Stephen King: I can’t even draw a cat [laughs] but I like pictures and I have had some stuff to do with artists particularly with The Dark Tower books and I’m interested in the way they work but it was also a chance to get away from the idea of everyone saying “All you ever write about is writers”. I like to write about what I know; there is a comfort level there. There are more ways to write about art and the creative impulses than just writing about writers. To me even after 35 years--most of my life--of writing stories, the process itself is a total mystery. I have no idea how creativity happens or why it happens or what it does to the person who creates it except it makes you feel good while it’s going on.
Lilja: So you haven’t started painting your own paintings?
Stephen King: No, I haven’t started painting my own paintings but you know Edgar’s paintings are like my work and that’s one thing that nobody said in the reviews or the discussions of the book. Edgar paints sunsets, which are clichés and he changes them from clichés to something else by adding one object that has no business to be there. And what I do is that I write about ordinary people and add something that’s surreal or horrible or out of place in the story and that changes everything so in that sense Edgar really is like me.
Lilja: Speaking of paintings. I really like the cover for the book. I think it’s actually one of the best covers for your books.
Stephen King: Do you?
Lilja: Yes. Do you have a lot to say when it comes to the covers of your books or is that left to the publisher?
Stephen King: No, I got quite a lot to say about it and we talked about that and I said that I thought it would be great if they could have the ocean with a big shell in the foreground and some tennis balls so they got all those things in it.
Lilja: Have you done a lot of promotion for Duma Key?
Stephen King: No.
Lilja: No? I thought there was less than usual.
Stephen King: I didn’t go out a lot, I’m working on a new book and I wanted to do that and I’m assuming it’s gonna be a long book, a really long book. Like The Stand or IT or something like that I think. A very long book. And I talked to the people at the publisher and said, “You have your choice. Either I can work on this book and maybe you can have it in a year or two or I can go out and promote and do all these things that you want me to do and you won’t”. So eventually they saw reason.
You know I did this thing at Radio City with J.K. Rowling and she is a great person, she is very vivacious and she is very lively and very much with it but when we had a run through for the thing I could see that one of her publishers from Scholastic was talking to her and Jo Rowling came back to me and said “Can I talk to you for a minute?” and I said “Sure”.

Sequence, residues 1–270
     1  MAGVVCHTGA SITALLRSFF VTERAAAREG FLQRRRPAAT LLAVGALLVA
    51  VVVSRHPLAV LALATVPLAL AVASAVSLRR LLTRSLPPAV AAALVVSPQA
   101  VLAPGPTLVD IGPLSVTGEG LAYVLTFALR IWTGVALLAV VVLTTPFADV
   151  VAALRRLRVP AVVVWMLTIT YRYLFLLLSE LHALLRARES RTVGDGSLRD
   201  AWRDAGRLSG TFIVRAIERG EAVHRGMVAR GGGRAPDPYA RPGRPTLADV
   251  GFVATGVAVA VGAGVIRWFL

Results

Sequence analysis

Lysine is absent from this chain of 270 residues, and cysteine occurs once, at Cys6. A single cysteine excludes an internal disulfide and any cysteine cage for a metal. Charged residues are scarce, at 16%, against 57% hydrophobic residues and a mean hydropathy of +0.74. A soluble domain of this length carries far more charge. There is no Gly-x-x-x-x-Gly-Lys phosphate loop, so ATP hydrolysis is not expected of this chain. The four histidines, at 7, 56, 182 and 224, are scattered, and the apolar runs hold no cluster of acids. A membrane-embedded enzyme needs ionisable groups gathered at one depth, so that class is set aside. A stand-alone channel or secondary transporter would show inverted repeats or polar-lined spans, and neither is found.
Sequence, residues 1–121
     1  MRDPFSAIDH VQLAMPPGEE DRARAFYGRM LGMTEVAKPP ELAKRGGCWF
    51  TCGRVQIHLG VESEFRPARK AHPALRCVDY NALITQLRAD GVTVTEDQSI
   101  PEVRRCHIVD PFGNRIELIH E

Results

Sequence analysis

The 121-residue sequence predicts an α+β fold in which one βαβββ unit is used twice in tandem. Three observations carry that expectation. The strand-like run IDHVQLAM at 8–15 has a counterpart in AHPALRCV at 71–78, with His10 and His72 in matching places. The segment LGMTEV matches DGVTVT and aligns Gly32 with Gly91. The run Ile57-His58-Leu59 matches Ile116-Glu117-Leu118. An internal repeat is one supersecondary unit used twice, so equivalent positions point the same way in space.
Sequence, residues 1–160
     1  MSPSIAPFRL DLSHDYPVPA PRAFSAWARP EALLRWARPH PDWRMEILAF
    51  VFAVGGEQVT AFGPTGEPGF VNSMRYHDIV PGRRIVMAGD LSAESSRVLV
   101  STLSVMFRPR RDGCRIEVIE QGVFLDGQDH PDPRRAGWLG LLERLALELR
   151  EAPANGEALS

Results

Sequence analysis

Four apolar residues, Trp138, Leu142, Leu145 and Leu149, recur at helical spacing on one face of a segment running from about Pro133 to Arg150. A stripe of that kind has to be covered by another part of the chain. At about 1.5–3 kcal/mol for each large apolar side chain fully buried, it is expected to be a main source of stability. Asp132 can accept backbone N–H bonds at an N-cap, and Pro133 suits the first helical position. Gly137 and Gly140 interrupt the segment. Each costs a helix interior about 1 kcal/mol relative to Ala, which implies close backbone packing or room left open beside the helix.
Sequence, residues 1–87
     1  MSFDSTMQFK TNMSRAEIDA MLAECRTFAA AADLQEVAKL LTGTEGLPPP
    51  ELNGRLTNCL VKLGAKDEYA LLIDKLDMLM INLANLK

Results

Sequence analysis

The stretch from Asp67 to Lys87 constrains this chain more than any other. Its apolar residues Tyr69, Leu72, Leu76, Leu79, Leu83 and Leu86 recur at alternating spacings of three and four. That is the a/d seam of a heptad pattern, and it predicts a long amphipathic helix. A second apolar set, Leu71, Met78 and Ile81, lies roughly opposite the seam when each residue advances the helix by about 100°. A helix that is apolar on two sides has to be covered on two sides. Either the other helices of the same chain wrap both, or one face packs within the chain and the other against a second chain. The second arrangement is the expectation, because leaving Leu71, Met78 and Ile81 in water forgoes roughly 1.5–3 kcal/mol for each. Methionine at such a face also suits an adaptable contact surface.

And she was really steamed and I said “What’s the matter?” and she said “They don’t understand do they? They really don’t understand. They think these things write themselves”. Because she told them she was coming to New York, she was going to do this benefit reading and then she was going to work on the 7th Harry Potter book and they took the opportunity to ask her to do all these other things and that’s the fact, this goes back to that whole business of creativity and what it is and what it isn’t. They don’t understand. They think somehow that this stuff just occurs by magic.
Lilja: But you have spoiled your publishers with a lot of books over the years so they think you can write really fast.
Stephen King: Well, I can but I have to be left alone to do it.
Lilja: Do you like doing promotion if you have the time?
Stephen King: Hate it!
Lilja: Hate it? So you won’t be going back to the UK for a tour any time soon?
Stephen King: I don’t have any real plans to go back but you know I hate the promotion and when I go to the UK they really work me hard, they really want you out there, pushing… but the other side of it is that I love those people at Hodder and it’s very difficult for me to say no to them.
Lilja: So, they just have to ask you in the right way then?
Stephen King: Yeah, exactly.
If you want to comment or discuss this interview, please mail me.
PART 2 – Just Past Sunset, The Dark Tower and The Stand
PART 3 – The Gingerbread Girl, The Mist and The Talisman 3
Copyright (c) 2008, Lilja's Library. All rights reserved. Larger parts of this interview may not be reproduced or transmitted in any form or by any means without prior written permission from Lilja's Library.
- - - - -